Food & Drink

10 New York bar laws you probably didn’t know existed

Bars are aplenty in New York City, and if you go to them enough, you’ll find that some are run completely differently from others. Maybe you frequent a favorite haunt or two that seem to play by their own rules, whether that means giving you a free drink every now and then (buybacks, although industry standard, are a legal gray area), or enforcing a $20 credit card minimum when you want to start or pay a tab (under the Dodd-Frank Wall Street Reform and Consumer Protection Act, credit card minimums are legal up to $10).

To solve some of the mysteries of the many booze-related rules, we chatted with Elke Hofmann, esq., a New York law practice owner who specializes in bars, restaurants and beer, wine and spirits-making businesses (including Brooklyn’s newest brewery and 2017 Beer Book member, Lineup Brewing! Holler!). Here are the top takeaways we gleaned from Hofmann’s expertise.

First of all, from what we learned, we can say the legal landscape for New York’s alcohol purveyors is, in a word, intricate.

“There are a lot of gray areas,” Hofmann said. While anyone can visit the State Liquor Authority website, it’s often difficult to read and, for the most part, outdated. “It is not easy to navigate,” she said. “Alcohol is a highly regulated industry and there are so many intricacies that there is rarely a solid answer to anything that has a twist.”

Furthermore, she said, although there is a retail handbook “somewhere on the site,” it is “really out of date.” And if you’re looking for a list of the state’s bar laws, “that list doesn’t exist,” she said.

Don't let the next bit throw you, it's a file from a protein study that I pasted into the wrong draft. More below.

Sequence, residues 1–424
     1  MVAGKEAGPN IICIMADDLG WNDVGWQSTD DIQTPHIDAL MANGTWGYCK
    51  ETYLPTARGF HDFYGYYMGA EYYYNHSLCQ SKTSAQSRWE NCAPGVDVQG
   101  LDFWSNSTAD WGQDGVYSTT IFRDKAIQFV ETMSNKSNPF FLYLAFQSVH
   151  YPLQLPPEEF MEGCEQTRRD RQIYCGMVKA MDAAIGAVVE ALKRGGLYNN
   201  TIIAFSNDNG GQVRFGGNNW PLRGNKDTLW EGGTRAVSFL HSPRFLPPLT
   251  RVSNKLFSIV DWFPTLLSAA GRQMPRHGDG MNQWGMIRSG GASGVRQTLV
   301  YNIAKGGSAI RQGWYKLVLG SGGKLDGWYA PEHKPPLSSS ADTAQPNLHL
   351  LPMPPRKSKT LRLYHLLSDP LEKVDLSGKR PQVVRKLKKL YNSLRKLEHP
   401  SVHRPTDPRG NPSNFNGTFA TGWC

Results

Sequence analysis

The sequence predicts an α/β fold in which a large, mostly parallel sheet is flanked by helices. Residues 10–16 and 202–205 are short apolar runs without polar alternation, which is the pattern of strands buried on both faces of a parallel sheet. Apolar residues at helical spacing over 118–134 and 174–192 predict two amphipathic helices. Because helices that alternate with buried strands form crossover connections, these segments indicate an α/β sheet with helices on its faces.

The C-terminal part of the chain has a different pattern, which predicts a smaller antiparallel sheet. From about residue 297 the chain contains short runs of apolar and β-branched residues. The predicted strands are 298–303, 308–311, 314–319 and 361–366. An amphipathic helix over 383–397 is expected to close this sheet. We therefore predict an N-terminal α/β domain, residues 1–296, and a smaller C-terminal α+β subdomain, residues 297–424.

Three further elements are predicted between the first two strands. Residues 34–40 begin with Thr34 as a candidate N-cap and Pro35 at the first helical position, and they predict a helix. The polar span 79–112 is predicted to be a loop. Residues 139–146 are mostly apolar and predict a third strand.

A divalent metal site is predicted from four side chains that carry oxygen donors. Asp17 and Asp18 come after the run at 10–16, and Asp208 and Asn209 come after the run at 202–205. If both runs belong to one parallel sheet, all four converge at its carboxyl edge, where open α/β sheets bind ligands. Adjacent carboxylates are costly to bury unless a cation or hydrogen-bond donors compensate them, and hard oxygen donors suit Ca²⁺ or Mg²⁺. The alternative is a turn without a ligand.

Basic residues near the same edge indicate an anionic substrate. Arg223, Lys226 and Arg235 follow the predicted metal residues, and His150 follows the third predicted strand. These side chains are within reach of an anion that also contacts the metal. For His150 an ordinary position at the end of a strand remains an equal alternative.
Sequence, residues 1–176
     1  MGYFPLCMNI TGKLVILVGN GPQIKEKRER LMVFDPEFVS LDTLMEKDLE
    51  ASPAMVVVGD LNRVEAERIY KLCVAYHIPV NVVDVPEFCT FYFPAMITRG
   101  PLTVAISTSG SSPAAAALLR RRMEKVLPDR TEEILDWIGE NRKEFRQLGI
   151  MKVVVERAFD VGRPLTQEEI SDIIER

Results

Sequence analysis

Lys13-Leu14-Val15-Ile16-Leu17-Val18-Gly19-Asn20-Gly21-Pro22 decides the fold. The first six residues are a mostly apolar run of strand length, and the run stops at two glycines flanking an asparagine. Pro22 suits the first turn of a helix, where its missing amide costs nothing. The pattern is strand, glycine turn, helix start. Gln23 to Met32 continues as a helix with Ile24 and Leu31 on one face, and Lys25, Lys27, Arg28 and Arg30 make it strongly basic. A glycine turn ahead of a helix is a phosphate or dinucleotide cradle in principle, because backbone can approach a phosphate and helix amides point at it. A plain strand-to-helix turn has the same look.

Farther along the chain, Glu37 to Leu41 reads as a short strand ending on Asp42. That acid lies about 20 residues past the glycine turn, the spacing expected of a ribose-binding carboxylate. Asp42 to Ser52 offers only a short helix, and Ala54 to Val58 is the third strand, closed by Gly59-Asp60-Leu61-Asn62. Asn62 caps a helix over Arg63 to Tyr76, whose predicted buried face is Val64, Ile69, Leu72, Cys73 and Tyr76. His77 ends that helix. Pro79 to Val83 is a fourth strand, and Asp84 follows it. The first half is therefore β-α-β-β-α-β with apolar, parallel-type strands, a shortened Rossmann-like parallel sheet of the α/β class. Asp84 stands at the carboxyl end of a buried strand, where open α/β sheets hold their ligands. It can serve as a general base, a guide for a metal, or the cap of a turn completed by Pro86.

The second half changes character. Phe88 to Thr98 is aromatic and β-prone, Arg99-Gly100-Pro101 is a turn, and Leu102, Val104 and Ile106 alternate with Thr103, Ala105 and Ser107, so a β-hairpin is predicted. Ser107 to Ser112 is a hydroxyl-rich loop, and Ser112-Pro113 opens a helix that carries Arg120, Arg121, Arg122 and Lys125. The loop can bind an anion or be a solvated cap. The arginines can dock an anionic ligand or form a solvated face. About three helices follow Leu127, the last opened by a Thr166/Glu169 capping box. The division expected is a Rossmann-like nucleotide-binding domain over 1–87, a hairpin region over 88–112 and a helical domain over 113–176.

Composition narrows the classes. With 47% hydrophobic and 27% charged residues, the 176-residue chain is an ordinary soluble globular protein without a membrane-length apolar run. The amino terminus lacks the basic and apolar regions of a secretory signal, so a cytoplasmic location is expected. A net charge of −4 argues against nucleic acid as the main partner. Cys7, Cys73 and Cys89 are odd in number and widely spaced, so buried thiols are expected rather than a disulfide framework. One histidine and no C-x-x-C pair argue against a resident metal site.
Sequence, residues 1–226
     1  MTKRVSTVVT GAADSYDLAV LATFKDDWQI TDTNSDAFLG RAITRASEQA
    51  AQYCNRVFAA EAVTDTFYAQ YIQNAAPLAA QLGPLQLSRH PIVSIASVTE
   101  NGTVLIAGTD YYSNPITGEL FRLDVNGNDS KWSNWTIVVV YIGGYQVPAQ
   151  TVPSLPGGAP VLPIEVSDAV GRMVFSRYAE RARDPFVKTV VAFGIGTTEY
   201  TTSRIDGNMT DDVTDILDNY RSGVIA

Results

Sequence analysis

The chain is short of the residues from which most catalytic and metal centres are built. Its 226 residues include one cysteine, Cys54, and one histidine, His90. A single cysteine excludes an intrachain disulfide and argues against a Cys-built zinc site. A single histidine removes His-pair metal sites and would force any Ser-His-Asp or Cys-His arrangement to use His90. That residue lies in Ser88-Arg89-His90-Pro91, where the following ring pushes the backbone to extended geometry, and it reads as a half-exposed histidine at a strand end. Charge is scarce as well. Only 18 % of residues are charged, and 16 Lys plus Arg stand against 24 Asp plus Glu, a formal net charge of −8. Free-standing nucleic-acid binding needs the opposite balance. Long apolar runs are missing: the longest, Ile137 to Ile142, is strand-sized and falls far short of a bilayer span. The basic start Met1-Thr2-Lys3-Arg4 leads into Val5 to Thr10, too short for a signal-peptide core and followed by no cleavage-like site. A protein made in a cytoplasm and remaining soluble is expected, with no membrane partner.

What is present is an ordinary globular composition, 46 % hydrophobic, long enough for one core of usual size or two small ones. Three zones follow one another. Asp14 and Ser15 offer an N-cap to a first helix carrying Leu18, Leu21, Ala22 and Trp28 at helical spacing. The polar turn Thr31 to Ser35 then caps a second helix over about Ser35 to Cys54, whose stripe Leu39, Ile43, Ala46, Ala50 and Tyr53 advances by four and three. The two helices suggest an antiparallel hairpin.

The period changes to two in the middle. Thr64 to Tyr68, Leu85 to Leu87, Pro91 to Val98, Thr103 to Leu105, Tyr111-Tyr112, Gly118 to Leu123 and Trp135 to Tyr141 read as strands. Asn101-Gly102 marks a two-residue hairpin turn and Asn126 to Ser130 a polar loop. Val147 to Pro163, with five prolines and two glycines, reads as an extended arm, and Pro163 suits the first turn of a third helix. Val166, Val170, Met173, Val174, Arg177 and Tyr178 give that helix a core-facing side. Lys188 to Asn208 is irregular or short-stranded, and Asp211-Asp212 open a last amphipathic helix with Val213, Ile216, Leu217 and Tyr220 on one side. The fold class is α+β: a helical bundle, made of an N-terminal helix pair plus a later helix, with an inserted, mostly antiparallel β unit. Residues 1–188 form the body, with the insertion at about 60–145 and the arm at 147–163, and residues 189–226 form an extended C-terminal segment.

Sheriff deputies dumping illegal booze during Prohibition. Photo via Wikipedia
Sheriff deputies dumping illegal booze during Prohibition. Photo via Wikipedia

Behold, 10 of NY’s lesser-known bar laws

1. Bars are all allowed to sell bottled and canned beer to go

Any bar is legally allowed to sell you bottles and cans of beer to go, as long as the package is sealed. The same is not true for all beverages. “They do have different rules; you can get a round to go for beer but not for wine,” Hofmann said. Recently added to the “allowed” list: cider.

2. Bars are not allowed to sell pre-mixed drinks, like sangria, cocktails on draft, and infused liquors, out of their original package

“Another one that’s illegal that people do all the time is pre-mixed drinks, which are illegal 99 percent of the time,” Hoffman said. Sangria in a vat? Illegal. Gin and tonic in a jug? Illegal. Fruit- or jalapeño-infused vodka in an unlabeled jar? Illegal. Cocktails on draft? Most of the time, illegal.

“Drinks should be made to order,” said Hofmann. The exceptions: “there’s a specific carveout for things like slushie machines and particular kinds of kegs that spin and churn a spirit.”

Again, this is one that is not strictly enforced. “There are entire bars built around infused vodkas,” Hofmann said. “No one has stopped them, but it is technically illegal.”

3. Beer tap handles have to be labeled, with words (i.e. brewery and beer name)

“This is a pet peeve of mine and it’s ridiculous that it’s still on the books,” Hofmann said. For consumer protection, technically, tap handles must be labeled with the brewery and beer name, so, in theory, the consumer can see the beer that’s being poured off the tap.

“There’s not a single stylish bar in the city that complies,” Hofmann said. “Even the most elaborate menus with way more information than a sticker on a tap handle—ABV, IBUs—technically, on the books, [are illegal].”

In fact, she said, a handful of bars got in trouble several years ago because of Sixpoint’s old tap handle, which originally had only the Sixpoint star logo. However, the law is not generally enforced, but will be “tacked on” when a bar gets into trouble for some other infraction.

In fact, she said, several years ago there was even a proposal to change the law, but it was thrown out when breweries, like Brooklyn Brewery, opposed it (tap handles are a great form of marketing for breweries.)

4. BYOB is illegal, unless you have a liquor license

You know how all those places without a liquor license allow customers to bring in their own? Or, perhaps are allowing BYOB “while they wait” for their liquor license? Illegal, says Hofmann.